Day 6
The moment of truth. I assembled a panel of tasters, opened the bag and peeked inside. A foamy mess of soggy bread floated on top of a thick orange liquid. In the interest of keeping the procedure as authentic as possible, we strained the brew through an old t-shirt. We served it on the rocks with a twist of morbid dread.


The Taste Test
Ivan, after smelling it, refused to drink it until we called his manhood into question. He had a sip, ran straight to the bathroom and threw up.

Not a good sign, to be sure, but the rest of us were made of sterner stuff. It smelled like rotten underwear and looked like Satan’s venereal urine, but this was for drunkard science, by God.

Counting to three, the remaining tasters and I took a drink simultaneously. We grimaced in unison. It tasted exactly as bad as it looked and smelled. Like a screwdriver that’d been sitting in the sun for a week. Baker put his down and refused to have another drink. Dignan took one more tiny sip, shuddered and surrendered.

Which left it all up to me. Bracing myself, I downed the rest of the glass. Remarkably, It stayed down. I sensed that there was a decent amount of alcohol in it but was there enough to give the kind of buzz that would make me forget a five to ten year stretch of hard time?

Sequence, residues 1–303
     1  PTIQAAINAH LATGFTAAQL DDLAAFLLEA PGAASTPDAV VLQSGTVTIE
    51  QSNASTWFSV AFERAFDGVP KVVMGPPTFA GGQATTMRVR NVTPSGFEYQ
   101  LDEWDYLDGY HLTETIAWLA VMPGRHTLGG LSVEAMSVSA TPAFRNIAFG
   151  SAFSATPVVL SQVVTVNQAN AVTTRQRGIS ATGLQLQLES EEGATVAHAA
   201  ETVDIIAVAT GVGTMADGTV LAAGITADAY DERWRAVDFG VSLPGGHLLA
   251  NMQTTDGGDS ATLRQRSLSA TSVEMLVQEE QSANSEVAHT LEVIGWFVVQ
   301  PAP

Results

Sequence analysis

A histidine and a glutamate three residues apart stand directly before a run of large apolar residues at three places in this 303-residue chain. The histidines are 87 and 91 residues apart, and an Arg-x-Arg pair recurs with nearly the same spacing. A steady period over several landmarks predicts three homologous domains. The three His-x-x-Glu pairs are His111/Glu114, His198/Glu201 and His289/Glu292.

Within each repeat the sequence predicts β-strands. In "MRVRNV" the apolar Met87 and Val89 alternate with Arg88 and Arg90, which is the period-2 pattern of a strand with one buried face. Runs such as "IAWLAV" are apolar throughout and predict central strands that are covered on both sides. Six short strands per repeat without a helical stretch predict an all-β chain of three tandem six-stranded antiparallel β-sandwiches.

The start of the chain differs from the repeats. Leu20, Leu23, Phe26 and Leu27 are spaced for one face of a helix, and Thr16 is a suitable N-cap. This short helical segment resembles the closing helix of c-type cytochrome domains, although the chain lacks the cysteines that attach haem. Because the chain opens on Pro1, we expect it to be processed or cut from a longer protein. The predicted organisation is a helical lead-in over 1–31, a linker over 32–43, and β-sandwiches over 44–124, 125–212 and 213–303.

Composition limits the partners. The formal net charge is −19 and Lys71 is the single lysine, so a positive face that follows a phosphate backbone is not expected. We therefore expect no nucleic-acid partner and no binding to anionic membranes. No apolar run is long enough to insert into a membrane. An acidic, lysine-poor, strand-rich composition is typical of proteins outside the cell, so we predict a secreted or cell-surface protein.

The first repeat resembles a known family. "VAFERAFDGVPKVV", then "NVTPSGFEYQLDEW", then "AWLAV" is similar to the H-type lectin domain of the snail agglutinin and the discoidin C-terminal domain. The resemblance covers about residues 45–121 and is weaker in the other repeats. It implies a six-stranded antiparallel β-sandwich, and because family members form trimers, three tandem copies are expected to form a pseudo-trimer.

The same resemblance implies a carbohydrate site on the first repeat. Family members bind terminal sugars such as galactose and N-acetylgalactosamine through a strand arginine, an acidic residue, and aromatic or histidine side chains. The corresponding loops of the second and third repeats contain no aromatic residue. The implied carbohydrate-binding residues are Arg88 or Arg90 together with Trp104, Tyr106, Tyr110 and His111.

Sneering with disdain at the shattered panel of tasters, I calmly filled another glass. In the big house they would all be my bitches. I added more ice and let it sit for a moment— chilling it could only help. I tried to put myself in the mental state of a prisoner: I haven’t had a drink in months or longer, and this is all there is. There are no liquor stores, no bars, no bottles of scotch hidden under my roommate’s bed. Nothing. Just monotony, brooding danger and a powerful urge to get out of my head, even for just an hour.

I expelled all my breath and sucked down another glass. Vinegary, yeasty, with a rusty shank of an aftertaste. I was feeling a slight buzz, but I didn’t think I could stomach another glass. It was booze all right, but two glasses was my non-incarcerated limit.